Here are two well-known examples:
- The King James Bible
- Peter Pan
The King James Bible
Most American Christians will tell you the King James Bible is out of copyright. However, it is still under copyright in the United Kingdom—copyright is held by the Crown i.e. HM Queen Elizabeth II. King James Bibles are published in the UK by the Crown’s patentee, Cambridge University Press.
So if it’s reasonable to assume your book might be purchased in the UK, it would be appropriate to include the appropriate copyright statement. (Not that I’ve ever heard of the Queen suing anyone for copyright infringement over the King James Bible. But it could happen.)
Note that it’s not the original text of the Bible which is subject to copyright, but the translation.
So all more modern versions of the Bible, including the New King James Version, are under copyright, because they are translations. Most modern translations allow authors to quote up to a specific number of verses without written permission as long as the follow specific guidelines. You can find up-to-date copyright and permission information by clicking on the relevant version at Bible Gateway.
JM Barrie gifted the copyright to Peter Pan (the play and the later novelisation) to Great Ormond Street Hospital for Sick Children in 1929. That copyright originally expired in 1987, but the UK Copyright, Designs and Patents Act 1988 includes a clause that specifically states GOSH has a right to royalty in perpetuity in the UK for stage productions, broadcasting, or publication.
But that doesn’t apply internationally. The novel is considered to be in the public domain in most countries, although the play version is still in copyright in the US until 2023 (so if Hollywood wish to produce a Peter Pan movie, the producers must licence the rights from GOSH).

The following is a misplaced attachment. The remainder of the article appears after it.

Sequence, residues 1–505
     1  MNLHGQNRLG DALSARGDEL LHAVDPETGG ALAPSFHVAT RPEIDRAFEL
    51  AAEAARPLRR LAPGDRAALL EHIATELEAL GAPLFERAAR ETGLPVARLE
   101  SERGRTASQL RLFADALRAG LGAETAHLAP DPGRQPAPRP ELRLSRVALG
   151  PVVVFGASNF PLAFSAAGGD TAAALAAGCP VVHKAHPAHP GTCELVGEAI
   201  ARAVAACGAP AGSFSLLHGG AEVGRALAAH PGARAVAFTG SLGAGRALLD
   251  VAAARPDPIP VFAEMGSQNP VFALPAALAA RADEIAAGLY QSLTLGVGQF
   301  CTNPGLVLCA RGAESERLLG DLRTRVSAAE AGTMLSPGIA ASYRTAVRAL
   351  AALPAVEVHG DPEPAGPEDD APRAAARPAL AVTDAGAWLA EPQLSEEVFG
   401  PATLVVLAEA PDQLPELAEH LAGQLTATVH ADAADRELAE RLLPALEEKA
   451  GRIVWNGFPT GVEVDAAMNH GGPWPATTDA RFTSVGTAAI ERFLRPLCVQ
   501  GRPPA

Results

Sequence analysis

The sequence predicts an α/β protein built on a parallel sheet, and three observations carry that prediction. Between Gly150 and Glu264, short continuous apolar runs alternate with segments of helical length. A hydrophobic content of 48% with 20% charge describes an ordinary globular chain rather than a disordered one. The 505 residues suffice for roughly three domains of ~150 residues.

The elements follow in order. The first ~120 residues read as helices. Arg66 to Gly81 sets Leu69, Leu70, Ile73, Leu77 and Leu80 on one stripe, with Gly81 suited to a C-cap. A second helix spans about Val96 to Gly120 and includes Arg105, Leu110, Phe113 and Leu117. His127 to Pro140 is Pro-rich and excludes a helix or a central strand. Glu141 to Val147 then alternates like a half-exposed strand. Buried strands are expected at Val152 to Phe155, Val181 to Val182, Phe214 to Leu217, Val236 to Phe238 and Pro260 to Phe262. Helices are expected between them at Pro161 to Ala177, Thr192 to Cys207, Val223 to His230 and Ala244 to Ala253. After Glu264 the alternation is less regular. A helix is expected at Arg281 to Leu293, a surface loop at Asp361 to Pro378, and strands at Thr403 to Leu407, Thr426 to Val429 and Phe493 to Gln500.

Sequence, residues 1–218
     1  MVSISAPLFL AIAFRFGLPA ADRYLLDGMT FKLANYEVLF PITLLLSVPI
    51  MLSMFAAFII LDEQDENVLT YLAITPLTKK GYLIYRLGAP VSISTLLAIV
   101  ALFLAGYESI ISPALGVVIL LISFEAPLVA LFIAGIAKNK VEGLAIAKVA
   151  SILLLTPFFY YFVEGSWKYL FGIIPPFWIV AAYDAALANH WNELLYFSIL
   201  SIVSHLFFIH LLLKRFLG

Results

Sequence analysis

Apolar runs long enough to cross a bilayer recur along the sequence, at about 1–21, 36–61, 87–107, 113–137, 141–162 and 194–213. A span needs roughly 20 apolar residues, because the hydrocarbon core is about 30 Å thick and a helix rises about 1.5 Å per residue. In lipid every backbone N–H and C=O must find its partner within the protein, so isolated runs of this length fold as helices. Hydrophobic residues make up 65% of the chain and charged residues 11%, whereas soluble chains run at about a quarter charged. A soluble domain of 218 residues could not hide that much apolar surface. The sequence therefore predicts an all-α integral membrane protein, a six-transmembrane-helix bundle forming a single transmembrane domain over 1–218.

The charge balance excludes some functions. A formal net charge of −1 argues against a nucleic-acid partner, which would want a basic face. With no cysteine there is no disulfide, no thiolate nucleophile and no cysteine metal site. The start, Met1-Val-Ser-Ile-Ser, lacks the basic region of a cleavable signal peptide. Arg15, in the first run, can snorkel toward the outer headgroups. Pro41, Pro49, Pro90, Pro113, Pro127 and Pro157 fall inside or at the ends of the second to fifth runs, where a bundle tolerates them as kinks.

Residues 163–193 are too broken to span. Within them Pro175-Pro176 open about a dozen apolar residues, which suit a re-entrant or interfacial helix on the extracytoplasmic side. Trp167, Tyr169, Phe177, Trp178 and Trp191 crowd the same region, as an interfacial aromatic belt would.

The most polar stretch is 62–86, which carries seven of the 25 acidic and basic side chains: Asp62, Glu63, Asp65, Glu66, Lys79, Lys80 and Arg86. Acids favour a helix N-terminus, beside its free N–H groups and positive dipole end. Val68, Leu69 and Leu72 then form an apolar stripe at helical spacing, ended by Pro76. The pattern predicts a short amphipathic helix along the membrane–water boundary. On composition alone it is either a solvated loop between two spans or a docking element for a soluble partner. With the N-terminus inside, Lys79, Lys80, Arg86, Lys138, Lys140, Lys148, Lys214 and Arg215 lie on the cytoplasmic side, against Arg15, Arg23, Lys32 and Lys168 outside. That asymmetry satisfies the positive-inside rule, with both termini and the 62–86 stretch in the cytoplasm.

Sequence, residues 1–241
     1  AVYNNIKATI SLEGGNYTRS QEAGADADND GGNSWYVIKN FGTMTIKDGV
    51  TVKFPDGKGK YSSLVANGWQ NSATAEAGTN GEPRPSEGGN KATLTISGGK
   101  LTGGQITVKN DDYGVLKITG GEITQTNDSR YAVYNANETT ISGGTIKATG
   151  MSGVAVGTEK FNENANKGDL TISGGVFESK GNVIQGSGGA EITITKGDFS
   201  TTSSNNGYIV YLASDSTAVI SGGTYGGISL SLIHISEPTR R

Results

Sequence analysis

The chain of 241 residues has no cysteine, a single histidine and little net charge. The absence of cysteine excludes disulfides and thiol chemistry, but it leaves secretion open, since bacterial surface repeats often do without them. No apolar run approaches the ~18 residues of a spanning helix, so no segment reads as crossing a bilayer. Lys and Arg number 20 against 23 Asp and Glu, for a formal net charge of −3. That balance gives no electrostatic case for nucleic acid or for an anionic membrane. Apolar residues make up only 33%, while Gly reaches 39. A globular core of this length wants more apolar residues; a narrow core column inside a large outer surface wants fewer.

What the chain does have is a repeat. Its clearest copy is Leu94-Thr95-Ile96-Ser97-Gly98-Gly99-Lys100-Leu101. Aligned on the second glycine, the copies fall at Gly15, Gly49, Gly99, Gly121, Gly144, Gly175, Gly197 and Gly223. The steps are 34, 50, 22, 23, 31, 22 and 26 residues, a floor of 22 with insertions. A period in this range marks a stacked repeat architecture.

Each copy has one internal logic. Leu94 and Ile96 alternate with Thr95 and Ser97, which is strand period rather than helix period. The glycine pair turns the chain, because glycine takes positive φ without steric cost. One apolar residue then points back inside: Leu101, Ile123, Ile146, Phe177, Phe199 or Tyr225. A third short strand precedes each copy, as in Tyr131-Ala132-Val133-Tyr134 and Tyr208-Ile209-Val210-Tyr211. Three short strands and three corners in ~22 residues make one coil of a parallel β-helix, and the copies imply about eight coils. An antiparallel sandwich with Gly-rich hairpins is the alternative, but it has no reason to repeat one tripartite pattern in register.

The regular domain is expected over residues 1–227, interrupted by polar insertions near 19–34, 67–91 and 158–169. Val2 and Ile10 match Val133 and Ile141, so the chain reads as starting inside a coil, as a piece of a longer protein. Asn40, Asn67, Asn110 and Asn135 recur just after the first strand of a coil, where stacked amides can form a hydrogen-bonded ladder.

Copyright infringement is a big deal. It’s against the law in the same way as stealing is against the law.
Plagiarism is quoting other people’s work without appropriate attribution.
Author Rachel Ann Nunes found her Christian romantic suspense novel, A Bid for Love, had been plagiarised by “Sam Taylor Mullens”. Mullens was later discovered to be Tiffanie Rushton, a teacher from Utah. She also indulged in identity theft, using the real names of her third-grade students to create fake accounts to review her own books. Yes, a real sweetie.
Rushton changed the point of view in A Big for Love from third person to first person, and added some sex scenes. Nunes started a GoFundMe page to fund her legal defence. It’s taken four years, but she’s finally been awarded the maximum statutory penalty, $150,000 (which doesn’t sound nearly enough for a case that’s taken four years).
Does This Mean I Can’t Use Copyrighted Material?
You can still use copyrighted material if you have written permission from the copyright holder (note that this may not be the original creator—Paul McCartney doesn’t own the rights to most of the 250+ songs he created with John Lennon).
You can also use copyrighted material without permission in certain specific circumstances, as outlined in the US doctrine of Fair Use.
I’ll be back next week to discuss Fair Use, and give some tips for using copyrighted material without getting into trouble.
Please note that I am not a lawyer, and this is not legal advice. There is a lot of great information about copyright on the internet, but none of it is legal advice. To get legal advice, you pay a lawyer licensed to practice in your state or country.
What questions do you have about copyright?